Global Soil Week Peer-reviews Strategies for Transforming Agriculture

by LYNN WAGNER, PH.D.

Group Director, SDG Knowledge Program; Interim Director, Reporting Services; IISD

STORY HIGHLIGHTS

  • Discussions first focused on lessons “on the ground,” to draw broader insights for policymakers, agricultural services providers, development partners and other stakeholders on how to build an enabling environment for achieving the SDGs by strengthening the “missing middle” between global and national targets, and local realities.
  • These lessons were then distilled into key strategies for achieving an enabling environment for sustainable and climate-resilient agriculture.
  • Finally, peer-review workshops as well as a ‘GSW Lab’ examined the final set of strategies and recommendations against the realities of day-to-day policy formulation and implementation.

30 May 2019: Global Soil Week (GSW) 2019 convened under the theme, ‘Creating an Enabling Environment for Sustainable and Climate-Resilient Agriculture in Africa.’ Speakers stressed that what is needed is nothing less than transforming and modernizing agriculture and associated policies for an estimated 1.5 billion smallholder farmers, “the biggest workforce on our planet.” The discussions also brought in the perspectives of diverse “voices from the ground” – representatives of women’s and farmers’ organizations and youth – who underscored the importance of focusing on women’s empowerment as managers of land and natural resources, providing farmer-friendly extension services, and making agriculture “cooler” in order to attract youth.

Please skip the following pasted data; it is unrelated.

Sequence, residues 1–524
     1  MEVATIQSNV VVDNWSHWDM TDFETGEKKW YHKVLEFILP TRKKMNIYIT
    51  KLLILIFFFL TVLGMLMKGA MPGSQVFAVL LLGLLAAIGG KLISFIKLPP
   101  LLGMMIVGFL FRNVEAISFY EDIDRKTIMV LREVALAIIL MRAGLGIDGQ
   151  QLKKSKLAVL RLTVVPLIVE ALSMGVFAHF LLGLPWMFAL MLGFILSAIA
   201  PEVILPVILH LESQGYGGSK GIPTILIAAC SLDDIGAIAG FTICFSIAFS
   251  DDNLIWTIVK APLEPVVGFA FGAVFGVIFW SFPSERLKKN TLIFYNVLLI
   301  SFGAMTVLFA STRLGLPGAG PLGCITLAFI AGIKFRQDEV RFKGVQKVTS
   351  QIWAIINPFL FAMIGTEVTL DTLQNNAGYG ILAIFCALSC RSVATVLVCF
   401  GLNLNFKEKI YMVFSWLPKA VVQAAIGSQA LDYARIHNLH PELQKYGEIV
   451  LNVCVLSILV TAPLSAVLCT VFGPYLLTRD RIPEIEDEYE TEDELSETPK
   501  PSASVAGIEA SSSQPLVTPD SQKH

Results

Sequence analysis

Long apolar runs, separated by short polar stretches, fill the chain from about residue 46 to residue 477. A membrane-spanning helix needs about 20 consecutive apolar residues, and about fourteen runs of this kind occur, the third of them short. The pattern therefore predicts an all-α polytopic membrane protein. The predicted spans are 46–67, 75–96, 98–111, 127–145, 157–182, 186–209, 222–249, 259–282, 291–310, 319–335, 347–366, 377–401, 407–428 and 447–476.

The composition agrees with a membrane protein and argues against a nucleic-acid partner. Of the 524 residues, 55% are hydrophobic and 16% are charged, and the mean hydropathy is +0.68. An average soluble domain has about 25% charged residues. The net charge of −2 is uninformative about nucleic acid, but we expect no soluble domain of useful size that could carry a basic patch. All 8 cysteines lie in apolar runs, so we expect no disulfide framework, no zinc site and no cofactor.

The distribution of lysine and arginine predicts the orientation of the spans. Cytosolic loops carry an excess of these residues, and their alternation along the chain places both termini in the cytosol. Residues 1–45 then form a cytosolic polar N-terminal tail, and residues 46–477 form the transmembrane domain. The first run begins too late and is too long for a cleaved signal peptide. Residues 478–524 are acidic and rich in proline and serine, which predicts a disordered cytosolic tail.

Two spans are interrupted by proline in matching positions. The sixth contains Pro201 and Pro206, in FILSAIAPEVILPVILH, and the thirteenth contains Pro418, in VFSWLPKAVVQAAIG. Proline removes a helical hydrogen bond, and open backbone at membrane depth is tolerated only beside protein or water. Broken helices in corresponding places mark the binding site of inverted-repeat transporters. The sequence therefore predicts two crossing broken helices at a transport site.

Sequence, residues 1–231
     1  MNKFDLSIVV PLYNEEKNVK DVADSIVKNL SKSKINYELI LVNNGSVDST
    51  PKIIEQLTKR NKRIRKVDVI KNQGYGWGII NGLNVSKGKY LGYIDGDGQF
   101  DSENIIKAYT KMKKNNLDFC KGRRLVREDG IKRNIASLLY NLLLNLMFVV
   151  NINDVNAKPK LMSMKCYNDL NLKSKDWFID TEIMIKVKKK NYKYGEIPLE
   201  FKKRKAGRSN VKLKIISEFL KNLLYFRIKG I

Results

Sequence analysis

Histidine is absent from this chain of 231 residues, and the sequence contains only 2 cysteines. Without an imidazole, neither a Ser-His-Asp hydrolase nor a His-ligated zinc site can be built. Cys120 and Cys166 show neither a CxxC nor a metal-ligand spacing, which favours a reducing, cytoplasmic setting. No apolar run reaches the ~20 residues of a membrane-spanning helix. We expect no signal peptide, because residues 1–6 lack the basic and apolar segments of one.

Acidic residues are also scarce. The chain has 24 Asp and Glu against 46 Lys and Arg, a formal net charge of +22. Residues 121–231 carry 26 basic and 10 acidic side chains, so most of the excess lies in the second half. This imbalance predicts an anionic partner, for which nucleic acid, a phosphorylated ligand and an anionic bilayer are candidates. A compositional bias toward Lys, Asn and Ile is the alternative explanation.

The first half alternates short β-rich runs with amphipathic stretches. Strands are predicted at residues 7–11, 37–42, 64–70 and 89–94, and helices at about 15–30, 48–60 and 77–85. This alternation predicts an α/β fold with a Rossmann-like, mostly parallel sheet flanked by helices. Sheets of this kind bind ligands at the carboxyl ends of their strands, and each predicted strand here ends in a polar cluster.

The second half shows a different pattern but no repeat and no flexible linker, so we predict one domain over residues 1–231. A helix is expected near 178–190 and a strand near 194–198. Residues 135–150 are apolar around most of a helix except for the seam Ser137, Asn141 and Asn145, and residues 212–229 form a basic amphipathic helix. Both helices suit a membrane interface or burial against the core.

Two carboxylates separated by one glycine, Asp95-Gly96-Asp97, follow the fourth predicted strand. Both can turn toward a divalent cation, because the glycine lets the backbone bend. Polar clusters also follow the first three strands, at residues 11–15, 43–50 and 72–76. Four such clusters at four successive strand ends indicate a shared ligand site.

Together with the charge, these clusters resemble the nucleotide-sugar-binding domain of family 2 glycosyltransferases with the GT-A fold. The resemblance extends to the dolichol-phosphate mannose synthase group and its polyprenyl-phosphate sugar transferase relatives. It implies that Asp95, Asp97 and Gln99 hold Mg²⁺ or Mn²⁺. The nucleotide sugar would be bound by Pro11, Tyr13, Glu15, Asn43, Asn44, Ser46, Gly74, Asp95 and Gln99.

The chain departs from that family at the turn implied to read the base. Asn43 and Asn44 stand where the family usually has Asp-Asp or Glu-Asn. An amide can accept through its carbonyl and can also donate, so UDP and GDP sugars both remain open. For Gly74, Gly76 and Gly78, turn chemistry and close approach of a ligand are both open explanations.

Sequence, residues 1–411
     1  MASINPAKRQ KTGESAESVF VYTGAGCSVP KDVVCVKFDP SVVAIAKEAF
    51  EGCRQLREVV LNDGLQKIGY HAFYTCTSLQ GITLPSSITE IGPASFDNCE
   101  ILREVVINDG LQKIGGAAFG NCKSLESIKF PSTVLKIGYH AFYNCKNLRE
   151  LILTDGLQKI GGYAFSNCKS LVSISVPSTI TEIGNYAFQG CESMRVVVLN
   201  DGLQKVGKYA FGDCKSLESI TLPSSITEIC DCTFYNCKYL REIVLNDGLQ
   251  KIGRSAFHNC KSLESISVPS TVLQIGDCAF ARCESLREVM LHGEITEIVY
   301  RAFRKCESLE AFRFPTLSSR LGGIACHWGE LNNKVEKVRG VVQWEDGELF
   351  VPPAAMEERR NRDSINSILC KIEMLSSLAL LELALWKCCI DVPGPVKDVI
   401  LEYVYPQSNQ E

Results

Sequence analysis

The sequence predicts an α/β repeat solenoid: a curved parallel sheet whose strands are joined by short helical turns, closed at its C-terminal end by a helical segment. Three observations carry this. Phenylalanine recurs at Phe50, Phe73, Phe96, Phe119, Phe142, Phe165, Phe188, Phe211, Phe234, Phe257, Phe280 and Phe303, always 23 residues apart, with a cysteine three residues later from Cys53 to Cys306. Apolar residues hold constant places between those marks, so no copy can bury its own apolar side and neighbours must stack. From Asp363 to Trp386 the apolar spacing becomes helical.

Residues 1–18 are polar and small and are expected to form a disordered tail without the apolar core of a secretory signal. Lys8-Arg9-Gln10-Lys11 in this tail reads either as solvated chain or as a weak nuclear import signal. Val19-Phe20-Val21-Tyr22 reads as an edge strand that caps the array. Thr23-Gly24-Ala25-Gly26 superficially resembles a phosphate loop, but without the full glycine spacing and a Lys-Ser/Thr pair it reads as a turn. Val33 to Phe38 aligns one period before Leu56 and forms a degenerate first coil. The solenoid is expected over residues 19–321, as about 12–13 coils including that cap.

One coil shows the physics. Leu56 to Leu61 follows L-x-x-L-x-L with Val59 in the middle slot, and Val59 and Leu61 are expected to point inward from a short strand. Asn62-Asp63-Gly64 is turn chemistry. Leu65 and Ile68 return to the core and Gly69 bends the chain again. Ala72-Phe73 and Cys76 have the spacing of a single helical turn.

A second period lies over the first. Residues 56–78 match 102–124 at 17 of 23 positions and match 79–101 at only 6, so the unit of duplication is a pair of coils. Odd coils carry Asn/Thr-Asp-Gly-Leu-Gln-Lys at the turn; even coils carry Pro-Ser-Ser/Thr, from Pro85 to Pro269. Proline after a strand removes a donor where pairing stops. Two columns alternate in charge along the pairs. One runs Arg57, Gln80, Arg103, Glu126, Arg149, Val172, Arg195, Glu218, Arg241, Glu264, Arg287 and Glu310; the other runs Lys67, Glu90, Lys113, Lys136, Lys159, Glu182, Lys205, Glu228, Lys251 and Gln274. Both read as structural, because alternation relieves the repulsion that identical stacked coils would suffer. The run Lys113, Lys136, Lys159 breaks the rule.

The conference adopted a “bottom-up” approach that first allowed participants to discuss lessons learned from more than 20 projects in Africa and Asia that are promoting sustainable land management (SLM) at the local level. The aim of this technical segment, which took place during the first two days of the conference, was to draw broader insights for policymakers, agricultural services providers, development partners and other stakeholders on how to build an enabling environment for achieving the SDGs by strengthening the “missing middle” between global and national targets, and local realities.

(Continued)

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Author: Willem Van Cotthem

Honorary Professor of Botany, University of Ghent (Belgium). Scientific Consultant for Desertification and Sustainable Development.